Inuit council exchanges ideas from polar regions
August 23rd, 2013 | Carey Restino
Kotzebue hosted members from around the world last week as the Inuit Circumpolar Council met to discuss a wide range of topics impacting Inuit people's worldwide.
The Council, which dates back to the mid-'70s, was created to represent the people of Alaska, Canada, Greenland and Chukotka (Russia) of Inuit descent, estimated to be some 150,000 people. While other councils focus on Arctic issues in general, the circumpolar council has a more specific focus, said Duane Smith, vice chair of ICC Canada. For example, the council is closely watching issues pertaining to species that are the backbone of subsistence harvesting for Arctic people, he said. Inuit human rights issues are also at the forefront of the agenda for the organization.
Among the other topics covered by the council at its Kotzebue meeting were issues of indigenous global sovereignty, said Aqqaluk Lynge of Greenland, the council's chair. With an upcoming United Nations meeting on the horizon, the council met to formulate its stance on issues that were likely to come before the UN. Arctic Council issues were at the forefront of the conversation, too, with shipping safety and environmental issues raised by increased vessel traffic through the Arctic of particular importance to the group. The group supported a recent disaster declaration for the St. Lawrence walrus harvest, which was the lowest in memory.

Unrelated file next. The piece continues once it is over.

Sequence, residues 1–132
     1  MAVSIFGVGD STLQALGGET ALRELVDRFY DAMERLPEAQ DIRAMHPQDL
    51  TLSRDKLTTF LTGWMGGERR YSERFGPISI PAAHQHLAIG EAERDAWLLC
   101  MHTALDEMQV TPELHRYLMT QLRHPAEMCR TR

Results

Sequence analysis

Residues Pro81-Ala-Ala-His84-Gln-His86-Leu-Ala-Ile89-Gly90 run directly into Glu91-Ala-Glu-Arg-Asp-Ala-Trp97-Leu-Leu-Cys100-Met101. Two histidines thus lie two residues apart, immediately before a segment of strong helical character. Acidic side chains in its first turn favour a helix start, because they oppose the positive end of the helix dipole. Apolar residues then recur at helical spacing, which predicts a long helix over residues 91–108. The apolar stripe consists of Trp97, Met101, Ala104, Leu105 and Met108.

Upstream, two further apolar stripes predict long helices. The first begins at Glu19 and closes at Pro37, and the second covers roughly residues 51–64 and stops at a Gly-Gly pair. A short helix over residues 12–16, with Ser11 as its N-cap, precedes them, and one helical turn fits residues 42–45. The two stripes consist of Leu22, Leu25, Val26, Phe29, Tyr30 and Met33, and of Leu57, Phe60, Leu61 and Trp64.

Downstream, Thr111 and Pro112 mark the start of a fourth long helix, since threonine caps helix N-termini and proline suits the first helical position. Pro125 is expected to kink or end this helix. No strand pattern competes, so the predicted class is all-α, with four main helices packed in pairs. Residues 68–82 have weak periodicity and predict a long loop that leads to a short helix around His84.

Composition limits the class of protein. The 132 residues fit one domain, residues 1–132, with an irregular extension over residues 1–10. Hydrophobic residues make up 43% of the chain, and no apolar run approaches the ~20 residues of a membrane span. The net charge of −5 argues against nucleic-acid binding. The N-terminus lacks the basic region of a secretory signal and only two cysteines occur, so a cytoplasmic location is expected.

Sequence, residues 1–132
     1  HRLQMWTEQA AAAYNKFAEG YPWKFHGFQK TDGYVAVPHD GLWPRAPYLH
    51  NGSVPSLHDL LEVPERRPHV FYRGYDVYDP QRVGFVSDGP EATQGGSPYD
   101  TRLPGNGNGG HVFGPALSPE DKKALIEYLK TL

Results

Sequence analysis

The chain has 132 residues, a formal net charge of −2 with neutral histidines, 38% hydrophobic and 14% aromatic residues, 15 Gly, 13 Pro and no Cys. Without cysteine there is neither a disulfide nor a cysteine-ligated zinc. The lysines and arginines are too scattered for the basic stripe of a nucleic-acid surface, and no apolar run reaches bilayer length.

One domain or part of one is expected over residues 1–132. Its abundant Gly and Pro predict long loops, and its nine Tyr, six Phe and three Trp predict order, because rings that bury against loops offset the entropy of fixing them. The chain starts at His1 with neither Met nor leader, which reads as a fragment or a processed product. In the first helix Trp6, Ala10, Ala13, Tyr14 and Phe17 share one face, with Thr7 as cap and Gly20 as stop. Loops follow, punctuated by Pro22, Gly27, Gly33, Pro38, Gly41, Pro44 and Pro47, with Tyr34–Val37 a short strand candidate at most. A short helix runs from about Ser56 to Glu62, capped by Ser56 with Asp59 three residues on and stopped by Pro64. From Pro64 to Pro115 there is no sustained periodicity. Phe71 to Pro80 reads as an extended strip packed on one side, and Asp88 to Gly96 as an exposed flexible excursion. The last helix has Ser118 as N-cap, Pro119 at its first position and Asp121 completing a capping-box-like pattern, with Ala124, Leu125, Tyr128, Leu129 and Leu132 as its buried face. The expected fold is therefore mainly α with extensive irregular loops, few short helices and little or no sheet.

Lynge said last Wednesday that Kotzebue's hospitality was generous and the meetings productive. He was looking forward to a tour of the Red Dog Mine last week, saying it would be particularly interesting given the interest in development that is presenting itself in Greenland.
"I would like to know much more about how Alaska mining benefits the area, how many jobs it creates, what the impacts are to the environment," he said. "So I am very much looking forward to that visit."
Lynge said in Greenland, large scale mining and oil development are being pursued, and given the country's small population base, the importance of developing those resources in a safe and beneficial way is critical. Similar to Alaska, Greenland has long been dependent on fishing, he said.
"We have to prepare ourselves," he said. "We have to learn much more about this kind of development."